Morning Edition
Morning Edition
Thursday, August 23, 2007

Minnesota Public Radio Stories

  • Sweeping the streetsRushford asks: 'Will they be there' to help?
    In Rushford, Minnesota, residents are coping with extreme conditions following last weekend's flood -- no water, no sewer, no phones, no power. And they're waiting for help.7:20 a.m.
  • Prize-winning produceThe Great Minnesota Get-Together
    A new book chronicles the Minnesota State Fair since its start in the 1850s. Mother-daughter team Kathryn Strand Koutsky and Linda Koutsky have put together an illustrated history using pictures from all eras.7:25 a.m.
  • Flooded carWhitewater State Park closed due to flooding
    Whitewater State Park in southeastern Minnesota sustained damage in last weekend's floods, and is closed until further notice. MPR's Cathy Wurzer talked with the park manager, Gary Barvels.8:40 a.m.

National Public Radio Stories

  • Murray Says Crandall Canyon Mine to Be Closed
    The mine where three rescuers died trying to rescue six trapped miners will be closed, co-owner Bob Murray tells NPR. He also says that a sixth hole may be drilled in an attempt to find the trapped miners.
  • True Mine Safety Will Exclude Humans
    Experts question whether the Crandall Canyon mine in Utah, where six coal miners were trapped, should have been operating at all. With high demand, and a high price, for coal, mine safety is sometimes compromised by digging into areas that have already been stressed.
  • Israel Haunted by Nuclear Threat from Iran
    Iranian President Mahmoud Ahmadinejad has, on several occasions, publicly called for Israel to be "eliminated." Some Israelis say that with Iran's nuclear ambitions and growing regional clout, the threat of a war between the two nations looms.
  • Iran's Crackdown Cools U.S. Outreach Efforts
    The arrest of Iranian-American Haleh Esfandiari and several others is having a major effect in the United States. Iranian-Americans are more fearful now to travel to Iran, or to take part in meetings with democracy and human rights activists. That has put a chill into U.S. efforts to promote democracy in Iran.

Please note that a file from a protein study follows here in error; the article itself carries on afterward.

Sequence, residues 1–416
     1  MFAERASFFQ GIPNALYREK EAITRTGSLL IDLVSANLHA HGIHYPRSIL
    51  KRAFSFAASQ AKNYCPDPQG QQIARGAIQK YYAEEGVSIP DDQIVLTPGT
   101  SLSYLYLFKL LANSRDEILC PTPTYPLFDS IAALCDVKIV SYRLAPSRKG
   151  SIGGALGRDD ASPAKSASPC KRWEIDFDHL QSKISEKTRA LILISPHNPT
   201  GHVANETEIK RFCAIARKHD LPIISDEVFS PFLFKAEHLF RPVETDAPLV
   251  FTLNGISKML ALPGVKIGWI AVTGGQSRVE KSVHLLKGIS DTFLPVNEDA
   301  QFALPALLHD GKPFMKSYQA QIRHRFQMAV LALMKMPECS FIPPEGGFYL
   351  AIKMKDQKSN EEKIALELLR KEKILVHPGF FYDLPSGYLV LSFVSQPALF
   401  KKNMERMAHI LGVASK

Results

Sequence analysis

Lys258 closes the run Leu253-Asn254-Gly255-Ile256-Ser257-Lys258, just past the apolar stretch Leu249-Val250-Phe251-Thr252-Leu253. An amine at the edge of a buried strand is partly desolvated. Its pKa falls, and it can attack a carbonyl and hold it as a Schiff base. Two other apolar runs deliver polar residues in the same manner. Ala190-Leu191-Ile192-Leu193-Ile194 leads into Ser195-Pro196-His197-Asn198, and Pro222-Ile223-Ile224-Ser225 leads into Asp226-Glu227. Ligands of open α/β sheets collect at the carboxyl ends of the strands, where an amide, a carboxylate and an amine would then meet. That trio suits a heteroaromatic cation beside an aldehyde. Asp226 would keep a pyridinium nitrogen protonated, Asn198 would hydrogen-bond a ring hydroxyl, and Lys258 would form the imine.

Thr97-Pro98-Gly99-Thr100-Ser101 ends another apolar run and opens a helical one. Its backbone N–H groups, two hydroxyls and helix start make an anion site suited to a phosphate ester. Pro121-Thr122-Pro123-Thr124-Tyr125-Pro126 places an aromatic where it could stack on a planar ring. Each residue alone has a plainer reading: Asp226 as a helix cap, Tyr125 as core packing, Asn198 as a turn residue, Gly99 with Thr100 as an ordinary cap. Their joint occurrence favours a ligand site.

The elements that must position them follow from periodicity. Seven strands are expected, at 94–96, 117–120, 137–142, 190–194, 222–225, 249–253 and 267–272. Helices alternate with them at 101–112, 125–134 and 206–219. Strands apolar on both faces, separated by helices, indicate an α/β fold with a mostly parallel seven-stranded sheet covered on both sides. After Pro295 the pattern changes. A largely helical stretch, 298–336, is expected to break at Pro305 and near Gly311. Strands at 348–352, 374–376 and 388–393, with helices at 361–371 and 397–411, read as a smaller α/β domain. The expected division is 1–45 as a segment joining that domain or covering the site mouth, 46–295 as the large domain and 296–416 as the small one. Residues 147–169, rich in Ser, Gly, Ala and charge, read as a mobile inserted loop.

• FDA Approves Risperdal for Kids
    The Food and Drug Administration has approved the use of the powerful anti-psychotic drug Risperdal for use in preteens and teenagers with schizophrenia or manic depressive illness. Risperdal can be very effective, but it also has some significant side effects.
  • Pesky and Not Picky, Bedbugs Make a Comeback
    The saying "Don't let the bedbugs bite" might have seemed like a thing of the past. The little blood-sucking critters were mostly eradicated in the 1940s, but they seem to be staging a creepy return, causing great discomfort among sleepers across the country.
  • Bank of America Sends Cash to Countrywide
    Bank of America says that it will invest $2 billion in Countrywide, the largest home mortgage company. Countrywide has been struggling to raise cash. Last week, the lender was forced to draw on an $11.5 billion line of credit from a group of banks.
  • Mortgage Businesses Shutter in Subprime Debacle
    California-based Accredited Home Lenders says that it would stop writing new loans and lay off more than half its workforce. Lehman Brothers is shuttering its BNC Mortgage unit. And Quality Home Loans has joined about a dozen mortgage companies in filing for bankruptcy.
  • An Austin Institution Ousted by Development
    In Austin, a beloved Tex-Mex cafe is preparing to move to make way for a giant new Marriott hotel, and people are plenty upset about it. The controversy has raised anew the question: Is success ruining Austin?
  • The Big Mac Hits the Big 4-0
    The Big Mac debuted 40 years ago this week. Since the introduction of the double-patty burger in 1967, it has become an American icon. Americans eat 550 million Big Macs every year. It has its own museum featuring the world's biggest Big Mac, at 14 feet high and 12 feet wide.

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